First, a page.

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Employment Law (Vic)

Many aspects of Victorian employment law are governed by the federal Fair Work Act 2009. These include key employment standards concerning work hours, the minimum wage, leave, and other conditions. However, workers’ compensation and work health and safety laws are set out in state legislation. This article deals with employment law in Victoria. 

Workplace health and safety laws

The work health and safety rights and obligations of Victorian employers and employees are outlined in the Occupational Health and Safety Act 2004 (the OHSA) and the Occupational Health and Safety Regulations 2007. Other sources, like the WorkSafe Victoria compliance codes and the Victorian OHS Compliance Framework Handbook, also provide guidance on how to put these law into practice.

WorkSafe Victoria also issues policy statements from time to time. These stipulate how the laws and regulations operate. These laws, regulations, and codes apply to all Victorian workplaces except Commonwealth government agencies.

Victorian Work Health and Safety in Employment Law

Both workers and employers in Victoria have responsibilities when it comes to work health and safety. Employees have a duty to carry out their work in a way that does not harm their health or safety or that of others. Employees must notify their employer of any work-related illness or injury within 30 days of becoming aware of it. 

Employers must also understand their duties relating to work health and safety. These include maintaining a safe workplace and ensuring the safe handling of potentially dangerous materials or items. Employers must support workers by giving staff sufficient information, training, and supervision to facilitate healthy and safe working conditions. In addition, they need to consult employees on health and safety issues. Under Section 21 of the OHSA, an employer could be fined up to $265,000 (individuals) or $1,328,000 (bodies corporate) for a breach.

Workers’ Compensation in Victorian Employment Law

If a person experiences a work-related injury, they may be eligible for compensation. Victorian law requires employers with more than $7,500 in annual payroll to maintain WorkSafe insurance for their employees. Employers are required to do so even if they only have one employee, which may be an apprentice or trainee.

Workers’ compensation law in Victoria is governed mainly by the Workplace Injury Rehabilitation and Compensation Act 2013. This covers the claims process, return to work rights, eligibility for compensation, and other workers’ compensation issues. The law also sets out the process for using the Accident Compensation and Conciliation Service, which can be used to resolve a dispute between employer and employee. Commonwealth employees are covered by federal workers’ compensation laws.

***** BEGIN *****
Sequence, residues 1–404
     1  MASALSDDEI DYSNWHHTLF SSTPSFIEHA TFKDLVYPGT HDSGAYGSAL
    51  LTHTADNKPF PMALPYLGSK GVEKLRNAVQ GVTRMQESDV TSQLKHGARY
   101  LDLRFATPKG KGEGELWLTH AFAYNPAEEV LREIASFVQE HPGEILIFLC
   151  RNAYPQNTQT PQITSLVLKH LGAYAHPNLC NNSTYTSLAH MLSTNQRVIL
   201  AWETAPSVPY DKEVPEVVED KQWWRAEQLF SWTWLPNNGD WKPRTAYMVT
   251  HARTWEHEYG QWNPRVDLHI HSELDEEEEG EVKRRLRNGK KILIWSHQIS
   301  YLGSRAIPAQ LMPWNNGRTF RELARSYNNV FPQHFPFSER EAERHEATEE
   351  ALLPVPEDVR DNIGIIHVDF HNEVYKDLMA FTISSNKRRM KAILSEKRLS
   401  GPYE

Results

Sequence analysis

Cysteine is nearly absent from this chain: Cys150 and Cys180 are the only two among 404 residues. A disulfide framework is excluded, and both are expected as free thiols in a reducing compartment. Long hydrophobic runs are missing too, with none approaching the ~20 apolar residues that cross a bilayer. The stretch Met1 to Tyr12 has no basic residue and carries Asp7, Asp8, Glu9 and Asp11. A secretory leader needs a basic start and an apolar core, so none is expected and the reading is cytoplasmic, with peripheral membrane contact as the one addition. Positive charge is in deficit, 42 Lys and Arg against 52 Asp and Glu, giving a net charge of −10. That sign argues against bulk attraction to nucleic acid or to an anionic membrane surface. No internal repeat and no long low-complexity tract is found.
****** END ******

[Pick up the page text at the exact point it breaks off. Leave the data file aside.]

Victorian Employment Law and Bullying

Most employees in Victoria are protected against bullying in the workplace under the Fair Work Act, but state legislation offers additional protection against bullying. Victoria criminalised workplace bullying in 2011. Section 21A of the Crimes Act 1958 outlines what can be considered bullying and makes the crime punishable by a maximum of 10 years imprisonment. Making threats, speaking in an abusive manner and acting in an offensive or abusive manner are some of the types of conduct that could be considered bullying under Victorian law. There are also provisions for internet-based bullying and stalking.

Discrimination and Equal Opportunity

Federal laws on discrimination – including Section 351 of the Fair Work Act 2009 (Cth) – apply to most Victorian employees, however, Victoria also has anti-discrimination and equal opportunity laws which apply to Victorian employees (except Commonwealth employees). The Victorian Equal Opportunity Act 2010 protects employees from being discriminated against on the basis of certain attributes and activities including sex, age, gender identity, parental status, marital status, sexual orientation, employment activity, political beliefs and physical or mental impairment.

If a person believes they have been discriminated against at work contrary to employment law in Victoria, they might be able to complain to the Victorian Equal Opportunity and Human Rights Commission, apply to the Victorian Civil and Administrative Tribunal, or make a claim of discrimination in court.

If you require legal advice or representation in any legal matter, please contact Armstrong Legal. 

Michelle Makela

This article was written by Michelle Makela

Michelle has over 15 years experience in the legal industry, working across commercial litigation, criminal law, family law and estate planning.  Michelle has been involved in all practice areas of the firm and in her personal practice has had experience in litigation at all levels (State and Federal Industrial Tribunals, the Supreme Court, Court of Appeal, the Federal Court, Federal...

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